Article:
Running on a platform of “being a mom” sounds like a piece of satire from The Onion, but it gets trotted out in election after election. Imagine if a woman politician parroted Donald Trump in this way to gain voter approval. “I make the BEST peanut butter and jelly sandwiches. I do the BEST laundry and roll your socks up better than anyone. When you need somebody to remind you to put on a hat because it’s cold outside, I’m your #1 gal. If you need a ride to soccer practice, I’m a phone call away. I do the BEST grocery shopping — no one can touch my grocery cart maneuvering skills, ask anyone — and I know how to make lasagna great again (just add nutmeg to your Béchamel sauce — it’s an old family secret passed down through generations of dutiful wives such as myself).” Ugh. Even some academic institutions employ this condescending language as a way to keep women in their place:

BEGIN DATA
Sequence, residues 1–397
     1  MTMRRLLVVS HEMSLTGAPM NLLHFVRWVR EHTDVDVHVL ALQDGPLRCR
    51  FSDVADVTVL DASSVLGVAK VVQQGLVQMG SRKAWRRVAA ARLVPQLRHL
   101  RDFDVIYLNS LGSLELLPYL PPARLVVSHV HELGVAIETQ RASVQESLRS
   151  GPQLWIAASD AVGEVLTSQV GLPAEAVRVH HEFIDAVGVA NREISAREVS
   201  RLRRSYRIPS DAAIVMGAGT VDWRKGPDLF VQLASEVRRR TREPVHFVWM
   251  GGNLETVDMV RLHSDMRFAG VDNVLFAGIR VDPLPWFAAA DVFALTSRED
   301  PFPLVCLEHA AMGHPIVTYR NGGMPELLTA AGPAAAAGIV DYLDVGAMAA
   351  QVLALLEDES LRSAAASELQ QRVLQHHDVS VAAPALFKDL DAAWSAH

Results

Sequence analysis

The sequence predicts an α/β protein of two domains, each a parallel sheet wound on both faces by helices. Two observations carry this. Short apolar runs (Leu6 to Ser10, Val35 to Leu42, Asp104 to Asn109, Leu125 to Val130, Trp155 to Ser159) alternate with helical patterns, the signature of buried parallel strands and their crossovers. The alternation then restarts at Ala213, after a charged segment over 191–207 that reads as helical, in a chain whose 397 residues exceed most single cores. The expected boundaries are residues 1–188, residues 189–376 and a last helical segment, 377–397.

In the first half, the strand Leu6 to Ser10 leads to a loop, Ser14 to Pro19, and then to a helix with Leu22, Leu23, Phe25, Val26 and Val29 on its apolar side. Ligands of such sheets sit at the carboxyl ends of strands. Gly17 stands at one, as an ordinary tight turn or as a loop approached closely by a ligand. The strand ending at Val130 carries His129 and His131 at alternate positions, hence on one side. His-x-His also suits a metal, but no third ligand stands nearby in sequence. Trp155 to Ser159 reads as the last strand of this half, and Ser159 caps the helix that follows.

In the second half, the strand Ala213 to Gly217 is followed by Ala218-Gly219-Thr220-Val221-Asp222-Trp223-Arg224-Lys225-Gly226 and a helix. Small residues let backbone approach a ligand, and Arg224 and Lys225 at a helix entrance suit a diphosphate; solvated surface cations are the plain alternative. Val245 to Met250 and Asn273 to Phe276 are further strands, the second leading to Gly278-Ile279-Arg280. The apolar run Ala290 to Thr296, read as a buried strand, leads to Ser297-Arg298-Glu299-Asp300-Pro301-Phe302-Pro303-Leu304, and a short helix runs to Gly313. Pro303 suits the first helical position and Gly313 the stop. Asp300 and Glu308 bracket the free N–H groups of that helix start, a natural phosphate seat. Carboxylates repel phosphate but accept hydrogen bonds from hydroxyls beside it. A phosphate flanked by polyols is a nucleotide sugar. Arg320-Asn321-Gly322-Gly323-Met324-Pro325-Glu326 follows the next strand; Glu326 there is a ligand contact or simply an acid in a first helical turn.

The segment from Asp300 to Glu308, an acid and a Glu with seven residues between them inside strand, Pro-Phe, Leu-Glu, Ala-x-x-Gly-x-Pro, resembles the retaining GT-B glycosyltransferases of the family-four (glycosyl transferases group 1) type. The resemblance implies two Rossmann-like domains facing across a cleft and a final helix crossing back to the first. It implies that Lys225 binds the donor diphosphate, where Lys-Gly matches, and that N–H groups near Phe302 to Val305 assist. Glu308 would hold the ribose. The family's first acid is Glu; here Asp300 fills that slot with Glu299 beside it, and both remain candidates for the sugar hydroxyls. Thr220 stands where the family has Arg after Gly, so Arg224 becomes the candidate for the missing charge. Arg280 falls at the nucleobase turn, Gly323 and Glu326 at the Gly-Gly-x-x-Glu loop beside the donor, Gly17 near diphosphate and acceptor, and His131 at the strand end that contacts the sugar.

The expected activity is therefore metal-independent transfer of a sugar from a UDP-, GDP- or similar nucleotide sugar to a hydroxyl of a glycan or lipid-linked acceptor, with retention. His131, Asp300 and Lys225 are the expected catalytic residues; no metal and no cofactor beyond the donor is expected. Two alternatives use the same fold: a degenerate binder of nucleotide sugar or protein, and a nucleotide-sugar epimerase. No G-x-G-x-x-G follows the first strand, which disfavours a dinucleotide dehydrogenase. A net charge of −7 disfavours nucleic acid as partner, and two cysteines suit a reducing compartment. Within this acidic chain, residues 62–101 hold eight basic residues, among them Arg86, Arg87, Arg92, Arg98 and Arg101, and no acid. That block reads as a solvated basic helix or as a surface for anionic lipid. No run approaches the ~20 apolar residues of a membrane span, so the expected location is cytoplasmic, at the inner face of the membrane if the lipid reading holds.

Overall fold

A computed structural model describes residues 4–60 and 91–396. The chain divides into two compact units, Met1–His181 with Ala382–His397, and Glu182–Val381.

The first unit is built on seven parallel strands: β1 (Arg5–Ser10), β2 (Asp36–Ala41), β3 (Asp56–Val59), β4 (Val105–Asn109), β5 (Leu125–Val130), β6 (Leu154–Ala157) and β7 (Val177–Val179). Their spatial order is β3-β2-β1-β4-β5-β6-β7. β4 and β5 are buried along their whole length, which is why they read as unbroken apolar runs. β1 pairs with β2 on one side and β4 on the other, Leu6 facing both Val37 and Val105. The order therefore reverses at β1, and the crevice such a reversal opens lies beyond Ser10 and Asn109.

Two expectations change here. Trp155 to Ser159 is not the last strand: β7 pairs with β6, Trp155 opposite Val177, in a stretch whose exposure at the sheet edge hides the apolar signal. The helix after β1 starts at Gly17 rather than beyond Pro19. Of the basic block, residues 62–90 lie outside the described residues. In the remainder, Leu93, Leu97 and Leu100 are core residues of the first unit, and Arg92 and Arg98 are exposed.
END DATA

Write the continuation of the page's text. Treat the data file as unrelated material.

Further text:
How come if a stay-at-home mom starts a business, she’s a “mompreneur,” but if a stay-at-home dad were to start a business, he’d just be called a goddamn genius? Women are repeatedly told by people who don’t identify as feminists that “there’s no need for feminism” because “everyone has the same opportunities,” but if that were truly the case, why do women still get encouraged to cook and clean and shut their mouths while their men watch football (lest they be “slapped!”) by guys like councilmen like J.R. Doporto from New Mexico?